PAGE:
Philippa Byrne
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The conclusion divides into three distinct parts. First, it reflects over the persistence of core ideas about the relationship between justice and mercy in the period c.1100 to c.1250, and what attention to debates on this topic reveals about medieval ideas about the ordering of society. It also considers how this study fits into a history of the development of systematic law, and how this research intersects with recent discussions of the development of accountability in this period. Secondly, the conclusion examines change over time, and, in particular, how the debate surrounding justice and mercy changed c.1250, with the introduction of Aristotle and an Aristotelian vocabulary of justice into European schools. The conceptual fluidity of twelfth-century discussions gave way to new ideas about equity and moderation, which drew much from the newly translated Ethics. Finally, the conclusion addresses the methodological implications of this study and what the arguments presented in this book mean for the study of the relationship between theology and law in the middle ages, and the assumptions medievalists bring to that topic.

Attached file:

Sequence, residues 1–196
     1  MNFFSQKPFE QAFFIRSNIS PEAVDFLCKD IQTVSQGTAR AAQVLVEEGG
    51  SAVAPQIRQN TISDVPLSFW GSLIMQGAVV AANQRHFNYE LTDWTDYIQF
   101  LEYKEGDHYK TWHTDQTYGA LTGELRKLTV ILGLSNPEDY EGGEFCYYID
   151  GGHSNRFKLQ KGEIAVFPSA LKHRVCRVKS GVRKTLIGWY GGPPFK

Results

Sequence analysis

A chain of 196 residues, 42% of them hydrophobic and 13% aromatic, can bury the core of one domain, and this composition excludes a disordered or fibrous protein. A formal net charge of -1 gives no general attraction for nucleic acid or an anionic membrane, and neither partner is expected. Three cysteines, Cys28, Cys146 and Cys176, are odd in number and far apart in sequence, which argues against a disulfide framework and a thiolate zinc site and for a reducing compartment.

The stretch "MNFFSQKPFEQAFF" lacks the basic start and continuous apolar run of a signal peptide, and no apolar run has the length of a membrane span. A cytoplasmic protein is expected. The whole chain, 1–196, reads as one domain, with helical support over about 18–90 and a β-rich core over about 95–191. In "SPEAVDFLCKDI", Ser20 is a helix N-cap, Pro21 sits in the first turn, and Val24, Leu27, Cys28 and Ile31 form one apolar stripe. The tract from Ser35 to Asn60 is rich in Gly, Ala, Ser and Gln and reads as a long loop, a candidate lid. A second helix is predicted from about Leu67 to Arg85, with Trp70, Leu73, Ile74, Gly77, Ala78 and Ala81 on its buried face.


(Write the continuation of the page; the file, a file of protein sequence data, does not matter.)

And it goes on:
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Justice and mercy

Moral theology and the exercise of law in twelfth-century England


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